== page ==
It now occurs to me that even when you do ride with a special passenger, you may end up at the same place, but you never get there the same way. Many times during our ride debriefings, I find that Sharon’s experiences or what we have seen are completely different. Did we ride together? I may have pointed out something, only to find that she has “gone somewhere else,” just enjoying the experience of simply being. The bike does that. Once on our way, conversations slow to sometimes a full stop. I watch the road and traffic, and Sharon watches the world spool by, taking in the sights, sounds, smells and overall experience of being “out there.” We come to be completely alone – together. As a famous rock and roll star once said, “We are all alone in this together.”
We’ve discussed this phenomenon, and that’s just how it is. We firmly believe that her experience would change dramatically if she had to concern herself with the dynamics of doing the actual riding. While gaining the driving experience, the feeling she now has would be lost. Not that one is better than the other; it’s simply a choice of what you want to experience. The choice to ride the backseat is hers. She describes her experience “back there” as becoming one with her surroundings. The rhythm of the road, the vibrations, the wind, the sounds of the exhaust, the pull of acceleration, the compression of braking. It all serves to have the bike cradle her, integrate with the moving parts of the bike, to feel life happening. She does most of her thinking back there, allowing her to dump the unimportant things. In fact, when we return from a ride, both she and I are different from when we left. Recharged is the cliché: being who we truly are seems more accurate.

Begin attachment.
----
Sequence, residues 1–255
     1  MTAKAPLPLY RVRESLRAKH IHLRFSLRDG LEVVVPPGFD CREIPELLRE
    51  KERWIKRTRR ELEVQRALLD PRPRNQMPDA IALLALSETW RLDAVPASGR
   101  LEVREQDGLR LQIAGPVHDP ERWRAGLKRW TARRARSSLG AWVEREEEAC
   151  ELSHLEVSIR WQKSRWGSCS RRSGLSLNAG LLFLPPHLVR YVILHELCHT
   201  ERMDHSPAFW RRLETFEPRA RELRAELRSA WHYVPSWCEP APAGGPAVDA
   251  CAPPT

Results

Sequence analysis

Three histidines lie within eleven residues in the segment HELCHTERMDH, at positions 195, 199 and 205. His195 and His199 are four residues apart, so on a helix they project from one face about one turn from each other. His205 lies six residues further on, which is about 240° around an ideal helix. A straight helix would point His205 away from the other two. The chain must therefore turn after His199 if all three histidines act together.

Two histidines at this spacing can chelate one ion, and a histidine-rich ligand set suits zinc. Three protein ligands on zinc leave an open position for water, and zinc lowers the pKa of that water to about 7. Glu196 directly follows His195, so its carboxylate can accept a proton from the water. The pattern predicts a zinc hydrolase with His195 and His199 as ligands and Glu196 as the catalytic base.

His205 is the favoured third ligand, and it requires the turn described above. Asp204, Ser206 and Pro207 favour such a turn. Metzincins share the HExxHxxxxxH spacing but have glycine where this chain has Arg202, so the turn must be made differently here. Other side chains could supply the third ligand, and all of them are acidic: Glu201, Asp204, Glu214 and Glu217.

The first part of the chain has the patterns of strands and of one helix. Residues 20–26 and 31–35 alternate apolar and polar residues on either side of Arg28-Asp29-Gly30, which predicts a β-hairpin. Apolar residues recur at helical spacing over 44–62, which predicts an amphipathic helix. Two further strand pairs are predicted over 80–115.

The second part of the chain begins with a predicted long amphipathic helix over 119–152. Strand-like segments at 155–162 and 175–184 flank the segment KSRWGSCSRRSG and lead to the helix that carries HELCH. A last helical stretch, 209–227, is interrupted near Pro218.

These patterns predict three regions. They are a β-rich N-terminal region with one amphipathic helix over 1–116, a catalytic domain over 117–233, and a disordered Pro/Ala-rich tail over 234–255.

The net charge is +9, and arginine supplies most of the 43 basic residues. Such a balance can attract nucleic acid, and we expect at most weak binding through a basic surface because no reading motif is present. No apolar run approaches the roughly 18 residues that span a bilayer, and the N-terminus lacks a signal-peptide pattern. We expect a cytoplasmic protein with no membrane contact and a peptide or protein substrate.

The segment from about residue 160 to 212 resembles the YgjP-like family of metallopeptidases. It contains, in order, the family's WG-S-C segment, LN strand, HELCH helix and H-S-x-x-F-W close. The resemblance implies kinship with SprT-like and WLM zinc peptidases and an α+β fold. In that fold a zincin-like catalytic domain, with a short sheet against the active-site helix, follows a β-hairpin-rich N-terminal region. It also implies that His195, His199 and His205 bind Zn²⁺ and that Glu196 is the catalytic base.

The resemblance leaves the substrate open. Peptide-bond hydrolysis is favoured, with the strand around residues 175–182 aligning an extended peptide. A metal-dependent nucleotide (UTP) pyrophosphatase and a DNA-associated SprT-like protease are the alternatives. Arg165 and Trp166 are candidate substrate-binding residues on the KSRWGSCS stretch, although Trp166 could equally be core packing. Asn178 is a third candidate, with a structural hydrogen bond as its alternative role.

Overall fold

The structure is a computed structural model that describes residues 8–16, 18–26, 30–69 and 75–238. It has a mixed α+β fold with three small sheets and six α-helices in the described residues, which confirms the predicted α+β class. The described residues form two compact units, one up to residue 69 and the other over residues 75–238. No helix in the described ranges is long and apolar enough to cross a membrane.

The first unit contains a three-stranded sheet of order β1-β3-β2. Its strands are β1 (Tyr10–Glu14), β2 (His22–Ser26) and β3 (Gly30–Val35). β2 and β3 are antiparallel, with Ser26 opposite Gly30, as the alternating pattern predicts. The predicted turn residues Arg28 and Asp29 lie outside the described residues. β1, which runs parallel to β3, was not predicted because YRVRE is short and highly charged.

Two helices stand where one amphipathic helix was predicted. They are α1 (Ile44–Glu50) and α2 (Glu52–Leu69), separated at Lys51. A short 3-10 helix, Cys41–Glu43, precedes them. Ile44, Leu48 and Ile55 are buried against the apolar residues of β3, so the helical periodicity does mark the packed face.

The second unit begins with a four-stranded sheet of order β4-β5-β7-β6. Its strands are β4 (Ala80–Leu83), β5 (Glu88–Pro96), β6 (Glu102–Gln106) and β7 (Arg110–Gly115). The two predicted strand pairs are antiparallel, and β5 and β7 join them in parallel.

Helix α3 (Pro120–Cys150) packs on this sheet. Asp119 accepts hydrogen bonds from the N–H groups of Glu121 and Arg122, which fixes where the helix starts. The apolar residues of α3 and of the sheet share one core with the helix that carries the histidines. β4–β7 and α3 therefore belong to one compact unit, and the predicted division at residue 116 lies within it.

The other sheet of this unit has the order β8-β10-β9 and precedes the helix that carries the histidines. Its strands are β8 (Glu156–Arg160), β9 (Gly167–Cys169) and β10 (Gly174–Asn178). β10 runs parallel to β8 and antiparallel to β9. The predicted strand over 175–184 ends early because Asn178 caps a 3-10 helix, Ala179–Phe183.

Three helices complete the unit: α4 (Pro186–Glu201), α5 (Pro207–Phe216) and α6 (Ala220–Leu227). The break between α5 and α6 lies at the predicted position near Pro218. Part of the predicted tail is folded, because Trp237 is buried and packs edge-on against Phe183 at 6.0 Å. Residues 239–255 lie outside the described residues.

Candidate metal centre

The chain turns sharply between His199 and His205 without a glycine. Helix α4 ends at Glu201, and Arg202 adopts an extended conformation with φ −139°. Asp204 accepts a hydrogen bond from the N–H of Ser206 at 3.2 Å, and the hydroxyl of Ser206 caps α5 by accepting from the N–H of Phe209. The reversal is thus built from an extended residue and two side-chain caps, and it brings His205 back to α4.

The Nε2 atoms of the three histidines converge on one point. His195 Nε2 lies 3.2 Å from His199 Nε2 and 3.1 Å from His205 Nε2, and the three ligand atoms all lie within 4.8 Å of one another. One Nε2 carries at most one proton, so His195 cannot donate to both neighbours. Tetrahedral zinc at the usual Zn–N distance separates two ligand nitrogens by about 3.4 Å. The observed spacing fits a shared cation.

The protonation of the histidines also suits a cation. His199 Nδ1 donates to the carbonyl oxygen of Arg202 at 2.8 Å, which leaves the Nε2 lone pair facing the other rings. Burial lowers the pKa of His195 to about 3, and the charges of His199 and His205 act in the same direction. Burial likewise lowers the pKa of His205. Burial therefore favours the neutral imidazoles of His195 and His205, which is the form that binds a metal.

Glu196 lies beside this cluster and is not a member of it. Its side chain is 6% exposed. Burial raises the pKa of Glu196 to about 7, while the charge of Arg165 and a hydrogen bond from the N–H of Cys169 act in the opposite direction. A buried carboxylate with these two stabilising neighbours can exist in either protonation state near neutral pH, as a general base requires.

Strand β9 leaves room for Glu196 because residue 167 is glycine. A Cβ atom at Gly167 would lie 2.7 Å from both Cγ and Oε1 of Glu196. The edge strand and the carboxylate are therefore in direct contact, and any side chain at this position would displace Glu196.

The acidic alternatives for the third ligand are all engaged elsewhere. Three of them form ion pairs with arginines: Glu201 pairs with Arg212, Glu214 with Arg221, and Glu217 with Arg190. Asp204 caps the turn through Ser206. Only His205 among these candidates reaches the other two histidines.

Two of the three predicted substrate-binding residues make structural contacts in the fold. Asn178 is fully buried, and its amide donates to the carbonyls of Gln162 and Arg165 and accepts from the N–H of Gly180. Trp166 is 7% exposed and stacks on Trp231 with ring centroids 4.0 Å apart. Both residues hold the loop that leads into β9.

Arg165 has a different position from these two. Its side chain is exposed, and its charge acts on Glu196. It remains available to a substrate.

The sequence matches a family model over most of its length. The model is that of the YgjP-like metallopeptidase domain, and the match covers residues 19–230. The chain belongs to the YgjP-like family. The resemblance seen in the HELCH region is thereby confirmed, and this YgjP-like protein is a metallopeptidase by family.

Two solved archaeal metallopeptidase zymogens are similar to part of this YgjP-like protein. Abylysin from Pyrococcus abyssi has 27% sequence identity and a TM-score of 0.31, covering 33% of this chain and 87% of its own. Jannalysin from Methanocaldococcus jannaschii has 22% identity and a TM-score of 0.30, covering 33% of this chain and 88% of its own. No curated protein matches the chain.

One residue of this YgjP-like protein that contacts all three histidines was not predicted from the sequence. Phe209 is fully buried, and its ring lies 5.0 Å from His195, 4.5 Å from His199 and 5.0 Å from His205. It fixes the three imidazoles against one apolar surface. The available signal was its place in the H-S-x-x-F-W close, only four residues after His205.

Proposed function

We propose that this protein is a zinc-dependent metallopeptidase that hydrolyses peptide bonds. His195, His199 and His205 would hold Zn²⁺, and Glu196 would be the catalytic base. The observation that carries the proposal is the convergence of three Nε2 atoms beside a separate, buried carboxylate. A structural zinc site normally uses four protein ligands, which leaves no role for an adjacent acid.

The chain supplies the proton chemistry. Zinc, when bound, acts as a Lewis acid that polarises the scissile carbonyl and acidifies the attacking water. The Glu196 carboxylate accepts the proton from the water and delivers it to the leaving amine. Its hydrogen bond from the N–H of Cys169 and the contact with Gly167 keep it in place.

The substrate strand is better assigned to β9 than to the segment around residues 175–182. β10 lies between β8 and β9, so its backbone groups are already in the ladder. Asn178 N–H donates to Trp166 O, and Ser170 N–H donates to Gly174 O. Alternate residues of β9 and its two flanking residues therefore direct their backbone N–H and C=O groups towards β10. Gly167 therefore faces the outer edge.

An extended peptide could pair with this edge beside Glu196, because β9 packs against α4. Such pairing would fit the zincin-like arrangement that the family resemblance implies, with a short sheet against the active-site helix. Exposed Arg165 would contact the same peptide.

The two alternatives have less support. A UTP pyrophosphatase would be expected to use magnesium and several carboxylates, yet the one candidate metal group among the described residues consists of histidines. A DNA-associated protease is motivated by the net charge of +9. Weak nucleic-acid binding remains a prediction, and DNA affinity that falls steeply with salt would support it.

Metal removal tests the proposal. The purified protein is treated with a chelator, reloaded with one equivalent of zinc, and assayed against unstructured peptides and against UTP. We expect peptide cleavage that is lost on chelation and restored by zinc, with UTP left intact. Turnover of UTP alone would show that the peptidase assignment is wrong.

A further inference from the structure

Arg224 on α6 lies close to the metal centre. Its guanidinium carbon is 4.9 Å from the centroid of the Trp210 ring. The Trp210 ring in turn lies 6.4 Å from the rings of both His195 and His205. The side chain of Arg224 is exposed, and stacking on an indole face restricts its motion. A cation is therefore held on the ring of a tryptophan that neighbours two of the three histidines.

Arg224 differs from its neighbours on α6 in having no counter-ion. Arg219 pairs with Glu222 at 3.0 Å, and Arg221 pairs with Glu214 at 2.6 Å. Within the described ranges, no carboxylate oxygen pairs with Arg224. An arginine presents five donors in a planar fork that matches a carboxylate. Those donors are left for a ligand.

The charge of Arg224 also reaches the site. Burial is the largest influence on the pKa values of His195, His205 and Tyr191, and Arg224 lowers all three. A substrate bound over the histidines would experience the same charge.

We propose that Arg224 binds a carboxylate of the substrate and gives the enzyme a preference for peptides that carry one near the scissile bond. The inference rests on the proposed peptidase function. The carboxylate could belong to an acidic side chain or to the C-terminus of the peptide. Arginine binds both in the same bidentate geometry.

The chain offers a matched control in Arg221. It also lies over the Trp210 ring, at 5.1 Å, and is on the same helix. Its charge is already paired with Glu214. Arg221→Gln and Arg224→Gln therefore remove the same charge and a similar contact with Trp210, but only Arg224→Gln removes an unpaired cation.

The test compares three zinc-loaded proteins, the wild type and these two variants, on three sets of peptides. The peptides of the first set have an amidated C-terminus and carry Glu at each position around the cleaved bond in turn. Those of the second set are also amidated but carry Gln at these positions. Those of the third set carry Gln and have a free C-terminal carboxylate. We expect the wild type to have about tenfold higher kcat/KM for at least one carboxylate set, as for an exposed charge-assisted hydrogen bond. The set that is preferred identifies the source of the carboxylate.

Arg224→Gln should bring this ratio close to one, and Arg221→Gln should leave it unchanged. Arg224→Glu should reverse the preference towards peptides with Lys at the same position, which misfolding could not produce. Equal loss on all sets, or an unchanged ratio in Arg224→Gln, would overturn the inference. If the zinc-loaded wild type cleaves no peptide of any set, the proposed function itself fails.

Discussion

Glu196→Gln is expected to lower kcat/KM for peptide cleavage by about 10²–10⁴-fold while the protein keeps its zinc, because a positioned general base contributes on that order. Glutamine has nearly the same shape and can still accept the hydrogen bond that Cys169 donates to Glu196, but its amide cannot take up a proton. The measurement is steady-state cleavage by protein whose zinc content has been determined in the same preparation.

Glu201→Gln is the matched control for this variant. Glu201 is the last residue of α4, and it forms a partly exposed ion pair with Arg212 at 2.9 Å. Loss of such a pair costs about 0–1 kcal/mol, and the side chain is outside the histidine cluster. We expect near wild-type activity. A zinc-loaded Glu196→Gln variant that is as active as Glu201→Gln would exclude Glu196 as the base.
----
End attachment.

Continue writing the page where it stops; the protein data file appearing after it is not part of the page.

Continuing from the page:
One of my most important discoveries is the fact that on the rare times I have ridden alone, I’ve inevitably seen or experienced something noteworthy. (It happens frequently on a motorcycle, as we all know.) Without that special passenger, the event never truly seems real. Strange I know, but that’s how it is. I recall riding alone from Nova Scotia to Ontario via the White Mountains of New Hampshire. All the trip did was cause a repeat excursion, this time with Sharon, just to demonstrate how beautiful the ride is. Without my special passenger having the same experience, it was as if it didn’t happen.
That Special Passenger
While I could go on about the virtues of riding with a special passenger, I am compelled to mention that I still understand what drives the individuals out there who ride alone, male or female. I make no judgment, and still look longingly at those customs with single super-low seats minus passenger pegs. I will, however, continue to keep my tour-pak and passenger floorboards firmly in place, if for no other reason than to be able to reach around on those early morning rides, tap my special passenger’s thigh and say, “It’s going to be a great day.”